We were allowed onto the site to set up on the day before the show - we took some of the heavy stuff like tables and chairs to the stall. The approach road to the marquee was about half a mile long through luscious greenery and we got to park up close to it and offload the contents of the boot.
The marquee was a hive of activity with people setting up all around us. I found the forlorn little space allocated to me and a little bubble of hysterical laughter welled up from deep inside. It was so tiny that just putting my handbag into it seemed to half fill it up. And I had paid an arm and a leg for this tiny space!! Now what?? My table refused to go into the space and had to be put in on the slant. I wish I had seen this earlier, I'd have got some little shelves to put on the walls. The brochures all show the larger stalls with shiny happy people, smiling all over their faces in what appeared to be acres of space. Now, a quick rethink of the set up was required, including the contents of my tiffin carrier case.
This lady was opposite me, she probably wasn't too happy to be placed so close to another jewellery stall. I, however was not bothered as my jewellery is completely different to hers and our client base will not be the same. The Caprilicious woman wouldn't wear her jewellery, and I daresay her customers wouldn't touch my jewellery with a bargepole. I went over to chat to her - her stall is bigger than mine, but only by a tiny bit and she had paid the equivalent of three limbs to my two, for it. She told me to go to Ikea and buy another smaller table, and that mine was sticking out into the aisle, 'so you will need to get permission from the organisers.' There's no way I was going to buy another piece of furniture that I won't have storage space for at home, and might never use again. My table, although on the skew, will not be in the aisle when I finally set it up.
There's even space for me to sit behind my display although getting in and out may be impossible - ah well, I'll work that one out when I need to. Perhaps I shall just sit there, imprisoned by my jewellery! Or, swing out over my display on a rope like Tarzan, which is how the vendors in the vegetable markets in India get in and out of their overstocked stalls. You can see the rope dangling from the ceiling in the foreground of this picture, that the vendor uses to swing in and out of his stall - the first time Mike saw this he was gobsmacked - he got the guy to go back and forth just to reassure himself that this was really the way it was done, and left him a hefty tip which caused my mother to go into meltdown at her profligate son in law!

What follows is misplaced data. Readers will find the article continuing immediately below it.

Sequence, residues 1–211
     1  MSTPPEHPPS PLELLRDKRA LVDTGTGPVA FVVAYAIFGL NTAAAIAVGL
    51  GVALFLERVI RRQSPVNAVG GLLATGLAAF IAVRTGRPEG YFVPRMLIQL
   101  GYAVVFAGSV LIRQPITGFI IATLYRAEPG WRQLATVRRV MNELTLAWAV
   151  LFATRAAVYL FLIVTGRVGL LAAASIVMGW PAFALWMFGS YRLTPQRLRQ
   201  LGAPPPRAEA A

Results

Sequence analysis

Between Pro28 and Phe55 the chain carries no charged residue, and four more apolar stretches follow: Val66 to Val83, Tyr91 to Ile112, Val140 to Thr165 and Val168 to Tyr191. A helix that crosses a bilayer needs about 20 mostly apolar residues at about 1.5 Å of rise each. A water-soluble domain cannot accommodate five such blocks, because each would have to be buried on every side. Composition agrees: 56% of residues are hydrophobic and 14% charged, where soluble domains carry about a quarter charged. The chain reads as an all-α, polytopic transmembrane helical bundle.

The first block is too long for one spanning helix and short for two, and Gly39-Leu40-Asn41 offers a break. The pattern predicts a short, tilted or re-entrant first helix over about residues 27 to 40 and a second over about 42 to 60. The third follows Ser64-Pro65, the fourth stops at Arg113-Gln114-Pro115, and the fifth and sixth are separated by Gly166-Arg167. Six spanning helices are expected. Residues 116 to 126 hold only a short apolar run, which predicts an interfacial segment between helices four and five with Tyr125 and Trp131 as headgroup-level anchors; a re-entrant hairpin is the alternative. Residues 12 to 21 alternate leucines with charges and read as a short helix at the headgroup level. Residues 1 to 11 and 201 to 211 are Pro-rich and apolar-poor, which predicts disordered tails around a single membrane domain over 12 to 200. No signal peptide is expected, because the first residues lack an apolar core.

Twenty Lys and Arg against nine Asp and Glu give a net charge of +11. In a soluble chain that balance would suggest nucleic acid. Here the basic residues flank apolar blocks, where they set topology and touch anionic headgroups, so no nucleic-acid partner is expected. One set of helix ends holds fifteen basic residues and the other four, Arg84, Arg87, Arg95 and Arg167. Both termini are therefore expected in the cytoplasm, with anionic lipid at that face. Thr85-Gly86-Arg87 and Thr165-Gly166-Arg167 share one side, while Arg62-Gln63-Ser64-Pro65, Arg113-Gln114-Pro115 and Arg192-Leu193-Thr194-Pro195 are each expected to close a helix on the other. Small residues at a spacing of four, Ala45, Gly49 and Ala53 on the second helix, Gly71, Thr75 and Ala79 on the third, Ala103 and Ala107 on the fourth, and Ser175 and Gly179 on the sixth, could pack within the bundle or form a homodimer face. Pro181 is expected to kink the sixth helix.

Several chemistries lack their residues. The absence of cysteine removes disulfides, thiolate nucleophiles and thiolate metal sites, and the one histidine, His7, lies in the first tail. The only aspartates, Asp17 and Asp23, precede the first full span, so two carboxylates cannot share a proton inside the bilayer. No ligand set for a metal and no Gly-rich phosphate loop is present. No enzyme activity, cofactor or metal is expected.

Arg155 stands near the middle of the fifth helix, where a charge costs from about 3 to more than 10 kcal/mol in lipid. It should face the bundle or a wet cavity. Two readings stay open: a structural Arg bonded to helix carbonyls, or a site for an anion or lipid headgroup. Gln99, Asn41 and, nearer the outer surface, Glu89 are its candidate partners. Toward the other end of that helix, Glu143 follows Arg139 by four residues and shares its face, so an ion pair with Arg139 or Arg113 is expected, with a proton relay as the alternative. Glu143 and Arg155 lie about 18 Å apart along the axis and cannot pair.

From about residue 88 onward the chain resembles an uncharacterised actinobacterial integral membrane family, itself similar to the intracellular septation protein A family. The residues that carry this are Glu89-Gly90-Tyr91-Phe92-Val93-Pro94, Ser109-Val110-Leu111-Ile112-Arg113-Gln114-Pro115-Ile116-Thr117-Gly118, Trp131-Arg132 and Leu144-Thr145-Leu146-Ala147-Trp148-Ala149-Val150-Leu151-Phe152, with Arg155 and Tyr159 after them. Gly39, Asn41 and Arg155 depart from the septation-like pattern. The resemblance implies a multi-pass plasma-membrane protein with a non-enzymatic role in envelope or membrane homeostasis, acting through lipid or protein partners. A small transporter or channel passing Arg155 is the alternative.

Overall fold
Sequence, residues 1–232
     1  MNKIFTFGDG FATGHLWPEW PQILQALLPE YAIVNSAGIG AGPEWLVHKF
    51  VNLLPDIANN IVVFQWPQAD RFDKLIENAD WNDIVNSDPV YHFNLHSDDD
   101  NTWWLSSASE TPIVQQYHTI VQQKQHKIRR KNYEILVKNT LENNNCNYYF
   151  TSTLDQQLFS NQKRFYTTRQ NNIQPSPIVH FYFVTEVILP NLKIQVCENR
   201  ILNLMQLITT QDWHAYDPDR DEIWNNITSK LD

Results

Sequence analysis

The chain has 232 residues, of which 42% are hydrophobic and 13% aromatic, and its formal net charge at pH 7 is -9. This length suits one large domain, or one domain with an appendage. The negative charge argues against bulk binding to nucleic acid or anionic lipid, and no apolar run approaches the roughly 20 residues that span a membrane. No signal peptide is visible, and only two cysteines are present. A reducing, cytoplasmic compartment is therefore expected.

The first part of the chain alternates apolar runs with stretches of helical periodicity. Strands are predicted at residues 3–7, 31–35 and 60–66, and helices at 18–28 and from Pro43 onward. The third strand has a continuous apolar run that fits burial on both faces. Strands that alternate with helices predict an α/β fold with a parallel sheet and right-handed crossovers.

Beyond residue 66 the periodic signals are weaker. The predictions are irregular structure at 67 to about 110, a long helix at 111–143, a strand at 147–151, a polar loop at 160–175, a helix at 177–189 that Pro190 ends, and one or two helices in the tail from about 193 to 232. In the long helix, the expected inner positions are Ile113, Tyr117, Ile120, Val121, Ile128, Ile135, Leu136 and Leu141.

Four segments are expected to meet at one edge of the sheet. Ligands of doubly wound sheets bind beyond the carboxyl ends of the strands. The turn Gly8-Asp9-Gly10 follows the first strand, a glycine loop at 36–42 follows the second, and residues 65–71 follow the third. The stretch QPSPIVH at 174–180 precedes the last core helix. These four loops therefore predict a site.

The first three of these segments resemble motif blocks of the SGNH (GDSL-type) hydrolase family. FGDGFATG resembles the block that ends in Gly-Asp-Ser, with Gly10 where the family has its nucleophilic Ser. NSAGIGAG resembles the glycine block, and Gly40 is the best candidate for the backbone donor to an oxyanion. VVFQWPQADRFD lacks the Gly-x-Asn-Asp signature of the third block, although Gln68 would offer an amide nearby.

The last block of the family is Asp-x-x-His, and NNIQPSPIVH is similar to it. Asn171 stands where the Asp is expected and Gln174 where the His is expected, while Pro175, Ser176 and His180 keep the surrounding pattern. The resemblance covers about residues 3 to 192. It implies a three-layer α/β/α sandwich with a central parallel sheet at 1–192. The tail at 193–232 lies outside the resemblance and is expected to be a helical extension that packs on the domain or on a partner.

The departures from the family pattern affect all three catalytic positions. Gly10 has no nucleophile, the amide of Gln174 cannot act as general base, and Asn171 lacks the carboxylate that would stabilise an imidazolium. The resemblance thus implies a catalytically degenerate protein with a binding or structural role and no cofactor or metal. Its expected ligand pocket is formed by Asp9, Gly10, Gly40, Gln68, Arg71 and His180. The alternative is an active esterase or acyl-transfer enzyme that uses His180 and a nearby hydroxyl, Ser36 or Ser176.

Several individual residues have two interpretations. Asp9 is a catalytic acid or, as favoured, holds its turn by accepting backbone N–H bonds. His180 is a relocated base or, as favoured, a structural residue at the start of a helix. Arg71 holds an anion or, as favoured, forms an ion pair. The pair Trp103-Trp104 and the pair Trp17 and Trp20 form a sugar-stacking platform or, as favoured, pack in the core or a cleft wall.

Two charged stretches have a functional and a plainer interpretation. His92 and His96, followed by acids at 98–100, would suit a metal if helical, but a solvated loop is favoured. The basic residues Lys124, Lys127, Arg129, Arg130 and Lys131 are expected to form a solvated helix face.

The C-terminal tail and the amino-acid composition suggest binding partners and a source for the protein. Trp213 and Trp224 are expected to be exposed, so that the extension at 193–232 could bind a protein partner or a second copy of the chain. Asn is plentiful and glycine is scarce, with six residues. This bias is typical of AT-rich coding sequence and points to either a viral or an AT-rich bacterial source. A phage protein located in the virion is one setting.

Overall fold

Mike got busy putting up my banner and drilling in some screws to hold picture frames in which I plan to display some of my necklaces. And then, we were done. I didn't take any stock as a night sheet with padlocks to cover the stock for security would have been an extra outlay. I had already paid extra for Wifi, for a plug point to recharge my phone if required and run my PayPal card reader as well as a couple of spotlights, and stumped up for public liability insurance for up to £5 million. So, just an arm and a leg, and a few fingers off the other hand, then!
I came home and collected all my bits and bobs together in the middle of the living room floor and went slightly green about the gills - there was just so much to carry - display items, packaging, jewellery - and all to fit in such a tiny space!
We looked at each other and shrugged, we shall just have to grin and bear it. I have always tried to do the best I can in every endeavour and this will be no different, if it doesn't go well, it won't be for lack of trying.
I shall post pictures as I go along, so do take a look at the Caprilicious Facebook page or Instagram feed. I will catch you next week with a full update. Have a fabulous weekend, and look out for me next week, same time, same place